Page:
Lymphocyte recovery as a positive predictor of prolonged survival after autologous peripheral blood stem cell transplantation in T-cell non-Hodgkin's lymphoma

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Abstract

Summary:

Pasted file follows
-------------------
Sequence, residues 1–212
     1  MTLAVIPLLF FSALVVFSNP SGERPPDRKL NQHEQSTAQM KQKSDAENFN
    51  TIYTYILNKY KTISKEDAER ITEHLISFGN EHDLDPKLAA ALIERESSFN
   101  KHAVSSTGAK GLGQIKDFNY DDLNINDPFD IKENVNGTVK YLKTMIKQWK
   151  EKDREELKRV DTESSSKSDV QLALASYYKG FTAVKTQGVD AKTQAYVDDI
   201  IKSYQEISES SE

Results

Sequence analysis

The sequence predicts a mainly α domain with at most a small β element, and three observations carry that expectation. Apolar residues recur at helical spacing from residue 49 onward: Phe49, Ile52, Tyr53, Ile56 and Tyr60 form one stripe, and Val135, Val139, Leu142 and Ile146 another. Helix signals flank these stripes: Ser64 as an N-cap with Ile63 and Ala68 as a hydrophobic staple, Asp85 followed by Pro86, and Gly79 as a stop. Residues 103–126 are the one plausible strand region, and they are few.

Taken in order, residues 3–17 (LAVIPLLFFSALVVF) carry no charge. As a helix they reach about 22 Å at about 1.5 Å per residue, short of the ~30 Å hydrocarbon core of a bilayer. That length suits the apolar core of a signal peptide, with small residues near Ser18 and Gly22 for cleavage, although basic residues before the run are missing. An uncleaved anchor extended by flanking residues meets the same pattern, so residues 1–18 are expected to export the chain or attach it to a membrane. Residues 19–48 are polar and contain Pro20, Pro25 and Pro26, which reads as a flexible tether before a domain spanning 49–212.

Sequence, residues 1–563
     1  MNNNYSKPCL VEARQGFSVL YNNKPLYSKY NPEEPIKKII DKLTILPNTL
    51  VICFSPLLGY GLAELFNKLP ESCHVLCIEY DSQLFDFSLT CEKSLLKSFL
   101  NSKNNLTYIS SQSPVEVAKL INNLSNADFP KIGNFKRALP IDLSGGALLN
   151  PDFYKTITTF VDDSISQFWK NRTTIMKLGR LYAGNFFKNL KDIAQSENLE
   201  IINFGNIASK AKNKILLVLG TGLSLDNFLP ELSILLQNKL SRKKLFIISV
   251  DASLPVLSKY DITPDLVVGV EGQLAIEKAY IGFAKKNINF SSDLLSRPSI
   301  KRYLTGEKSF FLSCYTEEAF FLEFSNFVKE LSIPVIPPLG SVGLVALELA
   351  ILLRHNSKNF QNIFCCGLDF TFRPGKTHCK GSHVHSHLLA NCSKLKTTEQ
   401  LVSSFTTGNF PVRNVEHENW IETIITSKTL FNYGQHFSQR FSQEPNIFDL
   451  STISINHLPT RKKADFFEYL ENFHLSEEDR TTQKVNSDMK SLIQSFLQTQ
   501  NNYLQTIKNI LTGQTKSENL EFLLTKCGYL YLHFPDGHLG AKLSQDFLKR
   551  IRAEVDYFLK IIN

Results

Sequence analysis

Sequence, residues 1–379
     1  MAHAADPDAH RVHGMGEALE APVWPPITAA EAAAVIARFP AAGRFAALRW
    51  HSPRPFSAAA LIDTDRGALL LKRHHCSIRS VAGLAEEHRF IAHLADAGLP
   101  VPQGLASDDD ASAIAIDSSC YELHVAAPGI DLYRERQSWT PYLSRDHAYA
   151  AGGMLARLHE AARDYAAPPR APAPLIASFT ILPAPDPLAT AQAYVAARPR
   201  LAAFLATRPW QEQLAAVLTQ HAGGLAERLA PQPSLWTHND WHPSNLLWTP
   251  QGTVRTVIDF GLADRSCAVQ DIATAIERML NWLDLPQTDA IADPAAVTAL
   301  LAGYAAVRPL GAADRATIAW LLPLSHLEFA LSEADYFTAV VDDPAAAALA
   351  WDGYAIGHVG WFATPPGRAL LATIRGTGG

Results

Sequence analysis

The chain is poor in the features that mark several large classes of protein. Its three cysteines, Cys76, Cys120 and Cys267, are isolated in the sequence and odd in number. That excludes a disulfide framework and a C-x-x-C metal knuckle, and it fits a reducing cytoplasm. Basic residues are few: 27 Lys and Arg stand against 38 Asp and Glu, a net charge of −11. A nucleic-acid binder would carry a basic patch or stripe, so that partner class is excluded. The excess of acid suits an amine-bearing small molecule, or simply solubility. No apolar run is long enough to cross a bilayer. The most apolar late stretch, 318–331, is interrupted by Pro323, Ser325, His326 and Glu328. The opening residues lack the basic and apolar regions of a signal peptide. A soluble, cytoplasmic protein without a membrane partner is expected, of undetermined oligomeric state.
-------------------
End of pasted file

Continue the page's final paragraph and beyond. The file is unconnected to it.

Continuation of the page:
We performed a retrospective study on recovery and survival of patients with T-cell NHL after autologous peripheral blood stem cell transplantation (APBSCT). Of a total of 39 patients with high-risk T-cell NHL, 33 were analyzed. Six patients who experienced early treatment mortality without full lymphocyte recovery were excluded. We chose absolute lymphocyte count (ALC) recovery as 1000 cells/μl as a cutoff value. ALC recovery day was defined as the first of 3 consecutive days with ALC above 1000 cells/μl. Univariate analysis revealed that age younger than 45 years, good international prognostic index, chemosensitive disease prior to APBSCT, and early ALC recovery (1000 cells/μl within 25 days of APBSCT) were predictors of prolonged survival. Multivariate analyses confirmed that chemosensitive disease prior to APBSCT and early ALC recovery were strongly associated with better overall survival (OS) (P=0.005 and 0.011, respectively) and progression-free survival (PFS) (P<0.001 and P=0.013, respectively). Our finding, that ALC recovery ≥1000 cells/μl is an independent predictor of OS and PFS in T-cell NHL after APBSCT, suggests that earlier immune recovery may contribute to longer survival.

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